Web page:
Two hundred and thirty years after the Parinibbana of the Enlightened One Buddhism was introduced to Sri Lanka by Arahant Mahinda Maha thera, on a Poson Full moon poya day
In the snowy peaks of Himalayas and in the valleys of Ganga, Yamuna and Brahmaputra in Dambadiva the ancient Indian trees in the natural vegetation were laden with fruits and flowers during the month of Esala and it had been a festive season from time immemorial.
This festive season had been celebrated in ancient India even before the time of Gautama Buddha. Mention is made in Buddhist literature about a festival called “Giragga Samajja” which relates to Hinduism and Jainism; the latter denies the supremacy of Hindu Gods-the authority of Vedas and the distinction of castes.
Hindus and Jains celebrated this festival based on Deva Puja- offerings to gods and deities. In Buddhist literature mention is made of this festival in connection with the conception of Bodhisattva in the womb of queen Mahamaya.
According to what is mentioned in the history of Buddhist literature, in the year 623 B.C.-exactly ten months before the birth of Prince Siddhartha, queen Mahamaya, having observed sil to engage in religious duties according to the religious observances of the day, had retired for the day. At night she had dreamed of a white baby elephant with a white lotus in its trunk had conceived in her womb from the right side after pomading three rounds around her bed.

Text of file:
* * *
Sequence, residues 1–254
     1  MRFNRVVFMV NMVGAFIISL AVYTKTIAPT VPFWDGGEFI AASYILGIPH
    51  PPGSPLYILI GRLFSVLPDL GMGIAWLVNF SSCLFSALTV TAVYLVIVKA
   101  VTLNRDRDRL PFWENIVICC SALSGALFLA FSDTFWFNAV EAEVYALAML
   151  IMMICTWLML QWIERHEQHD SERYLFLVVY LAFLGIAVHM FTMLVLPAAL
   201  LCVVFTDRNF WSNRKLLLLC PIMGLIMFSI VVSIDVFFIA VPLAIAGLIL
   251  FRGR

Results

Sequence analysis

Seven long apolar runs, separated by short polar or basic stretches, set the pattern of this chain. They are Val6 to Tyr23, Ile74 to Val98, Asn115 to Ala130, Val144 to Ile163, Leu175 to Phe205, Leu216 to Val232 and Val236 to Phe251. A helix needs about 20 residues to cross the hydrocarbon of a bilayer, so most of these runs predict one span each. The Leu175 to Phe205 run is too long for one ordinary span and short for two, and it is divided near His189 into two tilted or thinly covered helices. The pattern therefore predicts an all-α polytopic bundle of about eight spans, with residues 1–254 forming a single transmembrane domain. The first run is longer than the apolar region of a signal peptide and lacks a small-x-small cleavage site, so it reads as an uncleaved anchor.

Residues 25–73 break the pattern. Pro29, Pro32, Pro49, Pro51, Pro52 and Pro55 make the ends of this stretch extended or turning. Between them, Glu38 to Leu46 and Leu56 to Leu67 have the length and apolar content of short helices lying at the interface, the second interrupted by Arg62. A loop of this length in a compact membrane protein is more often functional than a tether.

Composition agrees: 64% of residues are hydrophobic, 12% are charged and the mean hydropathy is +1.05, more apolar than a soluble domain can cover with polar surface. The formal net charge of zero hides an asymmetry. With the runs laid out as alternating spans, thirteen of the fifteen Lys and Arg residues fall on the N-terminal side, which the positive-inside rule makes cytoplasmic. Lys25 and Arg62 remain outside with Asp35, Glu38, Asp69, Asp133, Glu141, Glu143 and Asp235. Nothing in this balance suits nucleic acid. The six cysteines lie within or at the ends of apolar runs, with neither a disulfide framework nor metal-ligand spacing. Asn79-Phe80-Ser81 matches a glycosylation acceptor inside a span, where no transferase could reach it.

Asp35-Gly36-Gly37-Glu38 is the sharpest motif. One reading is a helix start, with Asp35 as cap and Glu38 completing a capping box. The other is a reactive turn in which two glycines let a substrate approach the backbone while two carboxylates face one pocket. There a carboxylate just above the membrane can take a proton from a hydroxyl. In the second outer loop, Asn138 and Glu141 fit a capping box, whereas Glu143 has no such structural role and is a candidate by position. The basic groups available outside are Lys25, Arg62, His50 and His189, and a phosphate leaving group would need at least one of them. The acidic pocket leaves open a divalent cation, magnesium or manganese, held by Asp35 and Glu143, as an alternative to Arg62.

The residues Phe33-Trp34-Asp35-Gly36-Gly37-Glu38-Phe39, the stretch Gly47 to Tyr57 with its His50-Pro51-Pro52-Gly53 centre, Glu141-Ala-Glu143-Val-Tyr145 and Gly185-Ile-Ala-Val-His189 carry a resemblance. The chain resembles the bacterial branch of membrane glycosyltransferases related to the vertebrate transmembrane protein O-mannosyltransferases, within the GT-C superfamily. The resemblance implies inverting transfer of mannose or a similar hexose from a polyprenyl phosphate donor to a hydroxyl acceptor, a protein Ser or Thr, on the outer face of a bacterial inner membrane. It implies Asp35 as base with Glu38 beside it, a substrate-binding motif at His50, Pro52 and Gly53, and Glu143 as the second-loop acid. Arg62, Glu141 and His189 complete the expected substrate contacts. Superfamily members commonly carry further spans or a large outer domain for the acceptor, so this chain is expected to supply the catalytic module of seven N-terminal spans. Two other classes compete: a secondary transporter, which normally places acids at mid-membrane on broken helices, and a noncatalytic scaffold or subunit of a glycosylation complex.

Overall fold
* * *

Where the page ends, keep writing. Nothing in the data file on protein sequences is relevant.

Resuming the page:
When consulted in the morning the following day king Suddhodhana’s Sooth Sayers declared that it was the conception of a blessed son. This incident took place on an Esala Full Moon Poya day.
Prince Siddhartha was brought up in absolute luxury in king Suddhodhana’s palace. He was well educated and being a scion of the warrior race he must have been specially trained in the art of warfare. At the age of sixteen he married his beautiful cousin, princess Yasodhara who was equal in age.
After his happy marriage he led a luxurious life, blissfully unaware of the vicissitudes of life outside the palace gates. However, with the march of time, truth gradually dawned upon him. Amid comfort and prosperity he realised the universality of sorrow.